Long-time workers of the British music scene, Lower Than Atlantis have always seemed to be shunned by the spotlight that they deserve. Despite several prestigious festival spots in recent years, bands of the same class seem to keep getting placed ahead of them.
However, LTA has consistently been putting out some of the best rock music, and although none of their albums have been commercial successes, their confidence and continual touring have kept them at the back of everyone’s mind. Now, with newfound maturity, Lower Than Atlantis seem to have finally hit the sweet spot of writing arena-worthy bangers on their new album Safe in Sound.
Four singles from the album were released in January — a move which usually harms the band — however “Had Enough,” “Boomerang,” “Work For It” and “Dumb” are perfect examples of what they can offer on this album. Each sounds different enough from the rest and most of their previously released music, enough so that they work as a teaser, not a spoiler. LTA have always had a rough-around-the-edges sound, but it's now gone. Instead, the band sounds professional to the extreme — as you’d expect from a fifth album. Lead vocalist Mike Duce sounds his very best, the album showcasing the best vocal work he’s done to date, and even though some of the lyrics could be easily taken from any number of alt-rock bands, his delivery manages to save it from falling into cliché.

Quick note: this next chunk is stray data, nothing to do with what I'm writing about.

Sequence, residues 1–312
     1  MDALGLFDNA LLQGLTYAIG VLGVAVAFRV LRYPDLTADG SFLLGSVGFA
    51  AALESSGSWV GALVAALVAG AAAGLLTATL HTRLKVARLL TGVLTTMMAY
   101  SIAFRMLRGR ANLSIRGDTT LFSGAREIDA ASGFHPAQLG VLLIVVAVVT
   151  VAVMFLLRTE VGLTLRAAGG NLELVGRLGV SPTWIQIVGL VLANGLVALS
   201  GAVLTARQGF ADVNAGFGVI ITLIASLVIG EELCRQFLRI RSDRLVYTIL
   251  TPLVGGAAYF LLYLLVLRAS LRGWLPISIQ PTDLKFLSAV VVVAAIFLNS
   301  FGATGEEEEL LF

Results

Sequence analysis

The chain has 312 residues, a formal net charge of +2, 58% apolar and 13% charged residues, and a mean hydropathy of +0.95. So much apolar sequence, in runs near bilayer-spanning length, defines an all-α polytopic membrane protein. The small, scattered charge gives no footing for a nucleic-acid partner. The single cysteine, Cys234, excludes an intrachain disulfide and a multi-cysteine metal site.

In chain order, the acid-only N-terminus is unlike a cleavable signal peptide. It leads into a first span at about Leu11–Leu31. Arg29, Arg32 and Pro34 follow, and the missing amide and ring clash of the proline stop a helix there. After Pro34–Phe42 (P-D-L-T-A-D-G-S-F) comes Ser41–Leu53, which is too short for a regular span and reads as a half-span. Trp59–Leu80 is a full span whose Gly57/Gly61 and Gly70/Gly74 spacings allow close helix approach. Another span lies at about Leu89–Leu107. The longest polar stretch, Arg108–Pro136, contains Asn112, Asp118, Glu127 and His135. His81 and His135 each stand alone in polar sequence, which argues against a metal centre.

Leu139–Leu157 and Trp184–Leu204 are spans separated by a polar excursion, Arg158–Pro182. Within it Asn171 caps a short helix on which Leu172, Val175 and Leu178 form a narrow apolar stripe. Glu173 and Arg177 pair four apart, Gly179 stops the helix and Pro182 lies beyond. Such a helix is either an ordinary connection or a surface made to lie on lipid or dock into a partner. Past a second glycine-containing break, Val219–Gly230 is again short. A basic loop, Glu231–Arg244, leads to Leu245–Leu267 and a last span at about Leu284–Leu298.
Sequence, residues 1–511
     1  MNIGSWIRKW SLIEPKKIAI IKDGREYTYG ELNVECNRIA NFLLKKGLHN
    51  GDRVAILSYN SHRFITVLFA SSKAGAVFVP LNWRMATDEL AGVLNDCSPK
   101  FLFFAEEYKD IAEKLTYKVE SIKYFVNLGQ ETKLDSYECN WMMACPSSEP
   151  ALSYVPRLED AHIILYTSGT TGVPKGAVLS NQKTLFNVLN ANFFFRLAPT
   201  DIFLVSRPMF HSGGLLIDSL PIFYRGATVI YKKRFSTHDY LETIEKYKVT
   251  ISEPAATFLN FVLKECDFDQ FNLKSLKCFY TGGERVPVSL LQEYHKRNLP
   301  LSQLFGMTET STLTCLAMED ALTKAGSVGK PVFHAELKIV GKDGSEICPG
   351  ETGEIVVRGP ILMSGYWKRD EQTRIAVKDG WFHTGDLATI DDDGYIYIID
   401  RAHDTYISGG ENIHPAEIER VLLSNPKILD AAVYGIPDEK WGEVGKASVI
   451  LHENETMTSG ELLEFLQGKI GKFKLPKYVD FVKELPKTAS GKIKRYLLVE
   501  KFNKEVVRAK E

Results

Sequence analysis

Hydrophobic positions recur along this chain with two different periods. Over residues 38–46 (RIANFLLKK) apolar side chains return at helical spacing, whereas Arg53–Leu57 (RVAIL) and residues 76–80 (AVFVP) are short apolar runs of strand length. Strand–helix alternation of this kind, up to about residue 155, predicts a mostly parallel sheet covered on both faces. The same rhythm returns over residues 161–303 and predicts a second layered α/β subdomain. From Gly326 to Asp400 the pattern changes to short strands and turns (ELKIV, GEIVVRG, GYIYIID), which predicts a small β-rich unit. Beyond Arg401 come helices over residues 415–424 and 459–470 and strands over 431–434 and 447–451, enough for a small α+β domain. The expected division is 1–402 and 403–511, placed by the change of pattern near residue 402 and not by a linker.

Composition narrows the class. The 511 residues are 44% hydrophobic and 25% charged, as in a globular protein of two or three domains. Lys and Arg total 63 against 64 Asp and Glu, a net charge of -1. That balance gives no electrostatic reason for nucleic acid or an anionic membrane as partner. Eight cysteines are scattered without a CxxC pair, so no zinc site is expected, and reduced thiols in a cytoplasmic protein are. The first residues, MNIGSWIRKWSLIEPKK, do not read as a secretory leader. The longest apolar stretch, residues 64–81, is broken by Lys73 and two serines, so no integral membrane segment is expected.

Although all of the songs are catchy, undoubtedly written to make a room full of people sing along, there seems to be a missing spark that was present in their previous work. “Another Sad Song,” from their 2008 album World Record, is by far one of the best songs the band has written. It’s personal and bitter and angry all at the same time, and starts slow before building up into something shouted back at every live performance. There’s none of that personal emotion on Safe in Sound, and although the choruses are as catchy as you might hope, the personality of the band was lost.
Of course, if it was written to be a tidy, crowd pleasing album, LTA have succeeded. There’s still enough to set this apart from the pack of other artists writing similar stadium alt-rock, and if you’ve never heard of LTA before, you owe it to yourself to give this a listen. It is focused, with sing-along choruses everywhere you look, and the guitar riffs are just meaty enough to make this rock. Anyone new to the band will find a well-written rock album; long term fans, though, might just leave a little disappointed.